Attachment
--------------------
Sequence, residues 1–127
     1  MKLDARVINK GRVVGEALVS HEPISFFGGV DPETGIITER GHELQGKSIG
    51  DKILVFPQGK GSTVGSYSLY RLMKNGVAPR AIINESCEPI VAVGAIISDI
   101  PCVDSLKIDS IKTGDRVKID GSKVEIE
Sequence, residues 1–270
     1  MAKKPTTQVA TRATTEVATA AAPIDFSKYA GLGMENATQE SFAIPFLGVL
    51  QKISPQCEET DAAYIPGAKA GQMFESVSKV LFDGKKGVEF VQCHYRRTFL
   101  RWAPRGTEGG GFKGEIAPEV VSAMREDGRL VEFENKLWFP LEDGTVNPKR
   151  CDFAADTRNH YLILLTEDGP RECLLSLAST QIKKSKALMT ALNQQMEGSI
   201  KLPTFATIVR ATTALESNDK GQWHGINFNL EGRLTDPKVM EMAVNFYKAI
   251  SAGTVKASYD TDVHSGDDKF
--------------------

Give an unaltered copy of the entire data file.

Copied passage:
Sequence, residues 1–127
     1  MKLDARVINK GRVVGEALVS HEPISFFGGV DPETGIITER GHELQGKSIG
    51  DKILVFPQGK GSTVGSYSLY RLMKNGVAPR AIINESCEPI VAVGAIISDI
   101  PCVDSLKIDS IKTGDRVKID GSKVEIE
Sequence, residues 1–270
     1  MAKKPTTQVA TRATTEVATA AAPIDFSKYA GLGMENATQE SFAIPFLGVL
    51  QKISPQCEET DAAYIPGAKA GQMFESVSKV LFDGKKGVEF VQCHYRRTFL
   101  RWAPRGTEGG GFKGEIAPEV VSAMREDGRL VEFENKLWFP LEDGTVNPKR
   151  CDFAADTRNH YLILLTEDGP RECLLSLAST QIKKSKALMT ALNQQMEGSI
   201  KLPTFATIVR ATTALESNDK GQWHGINFNL EGRLTDPKVM EMAVNFYKAI
   251  SAGTVKASYD TDVHSGDDKF